6.3 The language of archaeological research: a network of terms

The final map (Figure 6) presents a series of terms extracted from the titles and abstracts of the research papers within the refined list that have been mapped and clustered. VOSviewer identified 287,000 terms that have been used at least once, and, as was the case with the previous maps, this number decreases rapidly when the threshold for the number of times used is raised. Approximately 3000 terms were used 21 times or more, and just over 1200 terms have been used more than 50 times (see Table 7). For the map presented here, the threshold for the inclusion was again set at 50 times, resulting in a map with 1153 terms as nodes. VOSviewer has identified 12 separate clusters (minimum cluster size: 10 terms; clustering resolution: 1.55), the largest of which contains 253 terms and the smallest 36 terms. On the basis of the terms included within each cluster, it is possible to identify themes for each of these clusters (Table 8).

Table 7: The number of terms and the times cited in the titles and abstracts of archaeological research outputs. (Terms used 50 times or more highlighted in red)
Number of Terms Times used (2004-2013)
287,951 1
6,227 11
2,952 21
1,871 31
1,444 41
1,217 50
1,196 51
1,021 61
895 71
817 81
749 91
686 101

Unsurprisingly, the largest cluster is comprised of terms that make up what we might call the common language of archaeology as a discipline in the Arts and Humanities. This common language includes archaeology and archaeologist of course, but also includes such terms as society, community, meaning, materiality, discourse, ethnicity, text, power, theory and heritage. The next largest cluster contains what might be called the language of archaeology as a scientific practice, with terms related to laboratory practice as well as statistical analysis; sample, technique, mineral, concentration, provenance, and mean, principal components analysis and so forth. In addition to this general scientific language there are smaller clusters containing the concepts and vocabulary of specialist forms of scientific analysis in archaeology; the language of scientific dating, the language of chemical analysis, and of dietary analysis, and of populations and genetics all presenting as small distinct clusters. It is also unsurprising given the interest shown by archaeologists in their physical context that there are two large clusters of terms related to landscape analysis and environmental change, as well as landscape survey and geophysics. In a similar fashion to the network maps of sources and authors, there is a distinct cluster of terms that separates out the study of human evolution or palaeoanthropology. The most surprising cluster, perhaps, is a group of terms that seem to form the language of a discussion of the origins of plant cultivation and animal husbandry including species, agriculture, cultivation, phytolith, crop and Neolithic.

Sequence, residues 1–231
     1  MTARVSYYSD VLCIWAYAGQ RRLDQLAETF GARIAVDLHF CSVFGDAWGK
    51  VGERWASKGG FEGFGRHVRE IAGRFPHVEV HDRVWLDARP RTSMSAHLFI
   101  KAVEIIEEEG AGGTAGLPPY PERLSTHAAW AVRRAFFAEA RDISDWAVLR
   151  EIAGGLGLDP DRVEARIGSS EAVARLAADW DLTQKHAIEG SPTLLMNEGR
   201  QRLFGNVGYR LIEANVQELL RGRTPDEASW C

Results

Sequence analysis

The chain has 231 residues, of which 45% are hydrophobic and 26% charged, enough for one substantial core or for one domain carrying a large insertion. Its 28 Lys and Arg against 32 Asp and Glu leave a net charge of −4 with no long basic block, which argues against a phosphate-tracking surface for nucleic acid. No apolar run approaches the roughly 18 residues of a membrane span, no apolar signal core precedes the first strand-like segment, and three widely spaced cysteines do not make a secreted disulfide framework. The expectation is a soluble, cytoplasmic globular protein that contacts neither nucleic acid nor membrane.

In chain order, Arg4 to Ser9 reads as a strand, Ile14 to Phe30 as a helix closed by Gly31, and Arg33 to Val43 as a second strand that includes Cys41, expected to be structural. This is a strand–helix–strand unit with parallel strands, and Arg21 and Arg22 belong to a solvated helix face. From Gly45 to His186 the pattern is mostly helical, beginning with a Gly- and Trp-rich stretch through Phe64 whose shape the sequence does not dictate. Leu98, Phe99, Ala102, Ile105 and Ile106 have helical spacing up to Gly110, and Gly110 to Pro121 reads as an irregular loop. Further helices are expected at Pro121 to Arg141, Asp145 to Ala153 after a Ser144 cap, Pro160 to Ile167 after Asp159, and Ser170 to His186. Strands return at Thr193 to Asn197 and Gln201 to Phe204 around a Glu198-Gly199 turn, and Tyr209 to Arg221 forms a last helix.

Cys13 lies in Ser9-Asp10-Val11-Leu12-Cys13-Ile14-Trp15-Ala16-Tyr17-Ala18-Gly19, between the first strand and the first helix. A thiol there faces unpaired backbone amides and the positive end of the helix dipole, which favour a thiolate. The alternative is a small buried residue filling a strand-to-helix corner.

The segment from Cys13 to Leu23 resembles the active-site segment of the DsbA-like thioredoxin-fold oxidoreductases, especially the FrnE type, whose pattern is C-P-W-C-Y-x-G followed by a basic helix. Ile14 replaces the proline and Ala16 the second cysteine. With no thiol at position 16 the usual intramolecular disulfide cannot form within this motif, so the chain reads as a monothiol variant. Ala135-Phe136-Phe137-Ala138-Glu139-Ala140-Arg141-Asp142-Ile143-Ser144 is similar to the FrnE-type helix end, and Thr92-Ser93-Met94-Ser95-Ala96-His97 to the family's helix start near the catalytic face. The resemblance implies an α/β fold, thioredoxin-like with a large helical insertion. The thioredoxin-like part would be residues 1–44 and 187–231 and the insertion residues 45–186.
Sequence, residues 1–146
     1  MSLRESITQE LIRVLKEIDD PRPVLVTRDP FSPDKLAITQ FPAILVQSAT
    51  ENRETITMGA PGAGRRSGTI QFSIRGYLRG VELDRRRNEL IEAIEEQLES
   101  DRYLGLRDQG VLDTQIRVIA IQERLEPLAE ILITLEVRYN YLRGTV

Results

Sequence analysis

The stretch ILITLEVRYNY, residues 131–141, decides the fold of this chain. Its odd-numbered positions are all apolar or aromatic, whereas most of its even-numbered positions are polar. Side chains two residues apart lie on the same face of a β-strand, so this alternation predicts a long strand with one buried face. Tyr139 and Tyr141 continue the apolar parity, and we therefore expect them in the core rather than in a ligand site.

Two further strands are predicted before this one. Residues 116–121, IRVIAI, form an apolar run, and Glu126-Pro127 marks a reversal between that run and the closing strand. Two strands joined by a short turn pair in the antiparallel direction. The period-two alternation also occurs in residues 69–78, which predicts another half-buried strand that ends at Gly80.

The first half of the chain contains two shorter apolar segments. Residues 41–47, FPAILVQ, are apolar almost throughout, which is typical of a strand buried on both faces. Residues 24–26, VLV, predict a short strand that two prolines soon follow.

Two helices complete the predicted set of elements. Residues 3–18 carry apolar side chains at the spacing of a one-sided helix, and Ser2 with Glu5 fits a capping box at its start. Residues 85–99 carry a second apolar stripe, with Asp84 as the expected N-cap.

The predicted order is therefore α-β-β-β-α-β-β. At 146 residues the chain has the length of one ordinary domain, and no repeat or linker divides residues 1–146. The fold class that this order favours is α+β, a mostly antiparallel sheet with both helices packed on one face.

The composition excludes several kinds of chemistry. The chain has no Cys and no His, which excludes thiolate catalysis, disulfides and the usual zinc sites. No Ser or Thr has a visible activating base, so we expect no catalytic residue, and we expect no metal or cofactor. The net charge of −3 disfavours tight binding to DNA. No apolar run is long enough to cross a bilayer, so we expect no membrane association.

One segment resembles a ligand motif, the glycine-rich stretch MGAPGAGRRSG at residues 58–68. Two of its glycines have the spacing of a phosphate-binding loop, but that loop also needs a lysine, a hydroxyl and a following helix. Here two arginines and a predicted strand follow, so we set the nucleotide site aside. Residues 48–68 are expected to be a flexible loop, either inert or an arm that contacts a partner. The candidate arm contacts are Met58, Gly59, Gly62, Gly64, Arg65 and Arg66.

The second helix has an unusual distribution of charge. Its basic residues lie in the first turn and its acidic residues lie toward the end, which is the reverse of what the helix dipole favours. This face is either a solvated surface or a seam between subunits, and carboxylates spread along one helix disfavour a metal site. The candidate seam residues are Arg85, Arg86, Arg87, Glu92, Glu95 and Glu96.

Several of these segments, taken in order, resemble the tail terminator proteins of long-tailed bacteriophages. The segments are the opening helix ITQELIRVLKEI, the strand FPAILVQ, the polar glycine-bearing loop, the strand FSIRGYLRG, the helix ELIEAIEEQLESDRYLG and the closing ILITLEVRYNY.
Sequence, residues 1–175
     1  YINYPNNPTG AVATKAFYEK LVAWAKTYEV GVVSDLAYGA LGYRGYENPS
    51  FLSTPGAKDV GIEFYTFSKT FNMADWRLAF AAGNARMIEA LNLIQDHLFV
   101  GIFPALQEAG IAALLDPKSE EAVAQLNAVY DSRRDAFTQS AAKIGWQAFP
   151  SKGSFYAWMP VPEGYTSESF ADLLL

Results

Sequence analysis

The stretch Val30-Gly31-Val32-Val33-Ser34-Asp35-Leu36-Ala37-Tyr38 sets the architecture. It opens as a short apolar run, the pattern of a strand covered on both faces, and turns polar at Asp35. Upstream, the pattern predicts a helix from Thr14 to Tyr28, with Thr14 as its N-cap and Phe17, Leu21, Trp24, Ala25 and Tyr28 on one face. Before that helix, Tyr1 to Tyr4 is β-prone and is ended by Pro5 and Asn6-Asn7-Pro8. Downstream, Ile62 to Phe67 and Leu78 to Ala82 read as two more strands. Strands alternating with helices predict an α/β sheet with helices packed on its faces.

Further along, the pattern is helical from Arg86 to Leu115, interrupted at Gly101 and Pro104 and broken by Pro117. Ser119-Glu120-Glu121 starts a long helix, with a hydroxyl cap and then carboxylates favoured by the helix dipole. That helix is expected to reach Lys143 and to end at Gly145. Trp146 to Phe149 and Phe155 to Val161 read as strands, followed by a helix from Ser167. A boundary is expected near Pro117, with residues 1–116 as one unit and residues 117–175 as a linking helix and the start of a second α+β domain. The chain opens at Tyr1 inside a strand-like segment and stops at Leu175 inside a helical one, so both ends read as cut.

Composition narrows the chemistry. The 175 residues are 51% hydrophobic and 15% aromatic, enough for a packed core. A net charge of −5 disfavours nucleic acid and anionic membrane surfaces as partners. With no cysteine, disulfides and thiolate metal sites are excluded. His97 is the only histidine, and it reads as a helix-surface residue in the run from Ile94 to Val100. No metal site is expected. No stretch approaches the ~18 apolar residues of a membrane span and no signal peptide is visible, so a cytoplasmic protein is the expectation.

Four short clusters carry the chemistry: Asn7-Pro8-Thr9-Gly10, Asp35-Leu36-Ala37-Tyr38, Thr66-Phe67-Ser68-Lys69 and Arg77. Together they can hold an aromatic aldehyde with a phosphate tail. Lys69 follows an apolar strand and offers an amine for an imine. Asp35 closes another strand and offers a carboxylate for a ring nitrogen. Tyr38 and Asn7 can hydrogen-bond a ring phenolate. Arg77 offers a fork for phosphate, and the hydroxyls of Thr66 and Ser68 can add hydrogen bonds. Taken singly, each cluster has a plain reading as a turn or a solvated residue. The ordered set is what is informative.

Table 8: Clusters of terms used in archaeological research outputs: their themes and major terms
Cluster no. 'Theme' No. Major terms included in this cluster.
1 The core language of 'Archaeology' 253 archaeology, archaeologist, community, person, project, practice, society, tradition, material culture, concept, meaning, heritage, theory
2 Scientific practice and archaeology 163 sample, technique, composition, concentration, temperature, object, fragment, spectroscopy
3 Landscape analysis and environmental change 156 deposit, sediment, Holocene, landscape, basin, climate, soil, river, dynamic, climate change
4 Landscape survey and geophysics 106 application, measurement, surface, mapping, field survey, geographical information system, geophysical investigation, landscape archaeology
5 Palaeoanthropology and human evolution 101 assemblage, early hominin, Pleistocene, Palaeolithic, adaptation, hunter gatherer, marine isotope stage, oxygen isotope stage, subsistence strategy, taphonomy
6 Populations and genetics 74 population gene, sequence, ancient DNA, mitochondrial DNA, diversity, lineage, domestication, animal
7 Human remains 63 cemetery, grave good, human remain, pathology, trauma, violence, weapon, sex determination
8 The Classical and medieval worlds 59 building, museum, monument, house, Roman world, Greek, castle, inscription
9 Chemical analysis in archaeology 54 biomarker, lipid, extraction, fatty acid, organic residue, ceramic vessel, gas chromatography
10 Archaeology and the study of diet 51 diet, stable isotope analysis, consumption, seasonality, mobility
11 Dating in archaeology 37 radiocarbon dating, thermoluminescence, tree ring, osl age
12 The origins of agriculture and animal husbandry 36 species, agriculture, economy, phytolith, starch grain, cereal, farming, Neolithic, micromorphology

Readers wishing to examine this map online can do so by following this link to the network map of terms (the online viewer works best with Internet Explorer).


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